Mobile Homes, Manufactured Homes, and Trailers – Oh My!
When it comes to the various types of homes located in mobile home parks or on private lots, you may hear various terms including mobile home, manufactured, home, or trailer. While all of these terms are generally applicable and understood by many people, there are some important differences. Despite these differences, these terms are used interchangeable, and are understood by many homeowners and tenants.
A mobile home is a home built on a frame with wheels that was made in a factory with the intent to be transported to a location where it would be setup for long-term living. In the early days, the construction of these homes was unregulated, and anybody with hand tools and a barn in which to build one could create a mobile home and call themselves a “manufacturer.” Due to the unregulated nature of the industry at the time, the quality of the homes varied from manufacturer to manufacturer. In 1974 The National Mobile home Construction and Safety Act was passed by Congress, which led to a set of safety standards being implemented in 1976. These standards are called the HUD Manufactured Home Construction and Safety Standards, or in industry jargon, the “HUD Code.”
The HUD Code created a set of standards related to the home design including standards for heating, electrical, and plumbing systems, fire and electrical safety standards, and other features of the home. Any new home built after this date was stamped with an emblem that is permanently affixed to the home. Basically, a mobile home is a home that was built prior to the HUD Code and may not have a HUD emblem. Usually the older mobile homes were smaller with some being only 10 or 12 feet wide unlike today’s homes.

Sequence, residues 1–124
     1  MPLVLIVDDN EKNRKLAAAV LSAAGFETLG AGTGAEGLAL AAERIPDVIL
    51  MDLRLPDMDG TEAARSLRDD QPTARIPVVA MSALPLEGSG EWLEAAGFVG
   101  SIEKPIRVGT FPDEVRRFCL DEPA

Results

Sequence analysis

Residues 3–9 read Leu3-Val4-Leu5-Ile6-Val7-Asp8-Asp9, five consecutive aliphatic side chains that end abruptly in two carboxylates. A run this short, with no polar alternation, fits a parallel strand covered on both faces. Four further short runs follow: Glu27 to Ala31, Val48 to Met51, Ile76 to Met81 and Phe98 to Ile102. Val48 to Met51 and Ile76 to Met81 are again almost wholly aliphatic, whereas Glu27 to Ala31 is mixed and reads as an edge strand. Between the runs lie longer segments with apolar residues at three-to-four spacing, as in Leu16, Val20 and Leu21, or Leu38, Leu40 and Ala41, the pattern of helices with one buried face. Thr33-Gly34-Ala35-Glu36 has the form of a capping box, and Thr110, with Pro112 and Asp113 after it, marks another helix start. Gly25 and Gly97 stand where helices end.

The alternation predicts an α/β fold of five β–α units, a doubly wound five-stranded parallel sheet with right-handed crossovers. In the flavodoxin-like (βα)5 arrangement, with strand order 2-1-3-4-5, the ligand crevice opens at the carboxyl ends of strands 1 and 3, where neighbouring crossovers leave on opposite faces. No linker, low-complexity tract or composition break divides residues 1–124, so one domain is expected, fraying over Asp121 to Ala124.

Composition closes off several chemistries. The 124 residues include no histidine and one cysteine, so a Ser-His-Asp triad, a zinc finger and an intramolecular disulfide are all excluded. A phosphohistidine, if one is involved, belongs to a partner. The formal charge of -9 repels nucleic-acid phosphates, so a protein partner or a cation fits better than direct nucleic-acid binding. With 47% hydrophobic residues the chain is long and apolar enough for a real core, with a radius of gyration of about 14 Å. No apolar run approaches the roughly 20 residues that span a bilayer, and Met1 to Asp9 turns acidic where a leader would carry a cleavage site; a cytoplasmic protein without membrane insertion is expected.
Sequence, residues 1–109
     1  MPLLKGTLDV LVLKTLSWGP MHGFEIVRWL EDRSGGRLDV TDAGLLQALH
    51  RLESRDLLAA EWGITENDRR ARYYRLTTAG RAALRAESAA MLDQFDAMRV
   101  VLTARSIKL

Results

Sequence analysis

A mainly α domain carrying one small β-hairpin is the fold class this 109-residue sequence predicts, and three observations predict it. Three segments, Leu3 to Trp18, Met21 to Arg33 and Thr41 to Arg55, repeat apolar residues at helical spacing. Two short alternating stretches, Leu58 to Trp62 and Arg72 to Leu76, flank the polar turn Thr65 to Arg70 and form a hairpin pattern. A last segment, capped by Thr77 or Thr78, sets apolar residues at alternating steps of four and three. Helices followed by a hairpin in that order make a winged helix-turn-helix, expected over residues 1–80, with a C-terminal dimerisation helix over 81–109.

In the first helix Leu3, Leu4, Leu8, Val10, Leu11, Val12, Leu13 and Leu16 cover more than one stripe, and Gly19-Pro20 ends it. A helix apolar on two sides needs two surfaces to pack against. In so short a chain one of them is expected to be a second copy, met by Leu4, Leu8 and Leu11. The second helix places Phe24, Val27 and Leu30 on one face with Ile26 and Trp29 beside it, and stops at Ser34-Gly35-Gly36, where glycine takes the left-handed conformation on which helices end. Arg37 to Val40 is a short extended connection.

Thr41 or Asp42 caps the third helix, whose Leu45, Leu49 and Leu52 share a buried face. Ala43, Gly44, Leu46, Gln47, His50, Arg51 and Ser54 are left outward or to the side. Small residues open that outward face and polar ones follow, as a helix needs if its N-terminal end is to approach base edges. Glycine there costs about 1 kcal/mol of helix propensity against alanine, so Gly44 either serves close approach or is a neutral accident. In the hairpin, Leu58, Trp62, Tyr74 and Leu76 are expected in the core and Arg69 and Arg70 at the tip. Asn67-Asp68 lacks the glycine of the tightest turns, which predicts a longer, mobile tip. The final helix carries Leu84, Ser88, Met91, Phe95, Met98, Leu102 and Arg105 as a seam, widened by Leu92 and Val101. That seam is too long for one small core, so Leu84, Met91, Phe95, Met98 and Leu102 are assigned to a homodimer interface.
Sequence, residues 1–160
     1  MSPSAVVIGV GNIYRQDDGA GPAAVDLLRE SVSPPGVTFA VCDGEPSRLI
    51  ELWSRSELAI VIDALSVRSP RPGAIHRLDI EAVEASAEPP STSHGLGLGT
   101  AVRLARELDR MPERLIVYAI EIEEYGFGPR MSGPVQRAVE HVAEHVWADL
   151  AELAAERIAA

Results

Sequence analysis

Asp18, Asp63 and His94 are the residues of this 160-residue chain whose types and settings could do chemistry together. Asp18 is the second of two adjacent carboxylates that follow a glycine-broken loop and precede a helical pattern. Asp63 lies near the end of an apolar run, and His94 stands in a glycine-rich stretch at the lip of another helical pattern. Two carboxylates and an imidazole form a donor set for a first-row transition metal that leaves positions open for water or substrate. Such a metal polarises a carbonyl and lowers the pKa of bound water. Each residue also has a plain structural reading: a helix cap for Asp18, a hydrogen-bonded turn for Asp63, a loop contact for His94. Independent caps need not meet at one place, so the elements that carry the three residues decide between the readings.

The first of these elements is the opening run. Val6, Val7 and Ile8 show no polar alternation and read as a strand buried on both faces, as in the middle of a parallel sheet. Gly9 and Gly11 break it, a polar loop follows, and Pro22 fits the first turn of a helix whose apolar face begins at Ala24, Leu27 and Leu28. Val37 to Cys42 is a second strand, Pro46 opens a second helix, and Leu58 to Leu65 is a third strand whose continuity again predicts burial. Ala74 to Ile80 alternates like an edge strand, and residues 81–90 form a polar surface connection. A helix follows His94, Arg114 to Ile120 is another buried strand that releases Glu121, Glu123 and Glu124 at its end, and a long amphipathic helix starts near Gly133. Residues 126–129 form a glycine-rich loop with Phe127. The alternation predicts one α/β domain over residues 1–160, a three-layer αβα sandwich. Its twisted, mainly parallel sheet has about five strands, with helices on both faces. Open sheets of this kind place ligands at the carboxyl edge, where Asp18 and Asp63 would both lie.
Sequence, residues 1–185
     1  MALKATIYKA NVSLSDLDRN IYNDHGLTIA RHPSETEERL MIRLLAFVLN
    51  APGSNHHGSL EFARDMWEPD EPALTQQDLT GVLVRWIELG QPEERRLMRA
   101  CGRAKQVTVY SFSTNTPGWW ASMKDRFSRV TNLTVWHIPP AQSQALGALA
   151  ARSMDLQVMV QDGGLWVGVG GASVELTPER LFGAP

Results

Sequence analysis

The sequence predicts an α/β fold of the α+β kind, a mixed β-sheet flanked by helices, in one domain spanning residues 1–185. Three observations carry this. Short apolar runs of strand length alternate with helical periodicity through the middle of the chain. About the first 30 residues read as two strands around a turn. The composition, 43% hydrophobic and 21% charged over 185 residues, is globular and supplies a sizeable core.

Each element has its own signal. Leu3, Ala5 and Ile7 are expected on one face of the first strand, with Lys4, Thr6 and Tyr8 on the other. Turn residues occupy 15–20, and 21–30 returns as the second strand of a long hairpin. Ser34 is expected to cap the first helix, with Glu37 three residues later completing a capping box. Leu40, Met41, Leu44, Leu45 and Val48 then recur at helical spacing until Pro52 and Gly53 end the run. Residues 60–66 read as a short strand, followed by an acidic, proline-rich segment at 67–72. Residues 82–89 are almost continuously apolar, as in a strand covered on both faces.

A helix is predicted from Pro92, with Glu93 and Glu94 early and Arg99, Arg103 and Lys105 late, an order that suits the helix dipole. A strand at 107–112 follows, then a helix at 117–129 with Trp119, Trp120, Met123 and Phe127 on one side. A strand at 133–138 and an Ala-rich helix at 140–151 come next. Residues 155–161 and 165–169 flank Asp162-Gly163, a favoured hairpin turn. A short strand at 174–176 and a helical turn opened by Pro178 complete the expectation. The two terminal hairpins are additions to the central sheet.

A manufactured home is also a home built on a frame and wheels that is intended to be transported to its location, however, the main difference from a mobile home is that the manufactured home meets the HUD Code. It is a more modern home built after 1976 and has the safety and design characteristics that were required.
Modern manufactured homes may have vinyl siding, high efficiency heating and cooling systems, asphalt shingles, and may look similar to homes that were constructed onsite. It is common for a singlewide manufactured home to be 14 feet wide by up to 80 feet long, but wider sizes are also available. Also, sectional homes may have 2 or 3 different sections that are connected side-by-side to make a doublewide or triple wide home.
Some people refer to these homes as trailers, and technically they are correct. The homes were built on frames and wheels, and can be transported. In fact, some mobile homes from the 1960s and 1970s have tail lights just like a car would. However, unlike small recreational vehicle trailers that are designed to be pulled by a car or small truck, mobile homes are too large to tow without using special equipment. Specialty home moving contractors have large trucks, special licenses, and typically move a mobile home or manufactured home to a single location where it will be permanently stationed. In the case of a doublewide or triplewide, once the sections have been connected, it cannot be moved unless it is taken apart at considerable expense.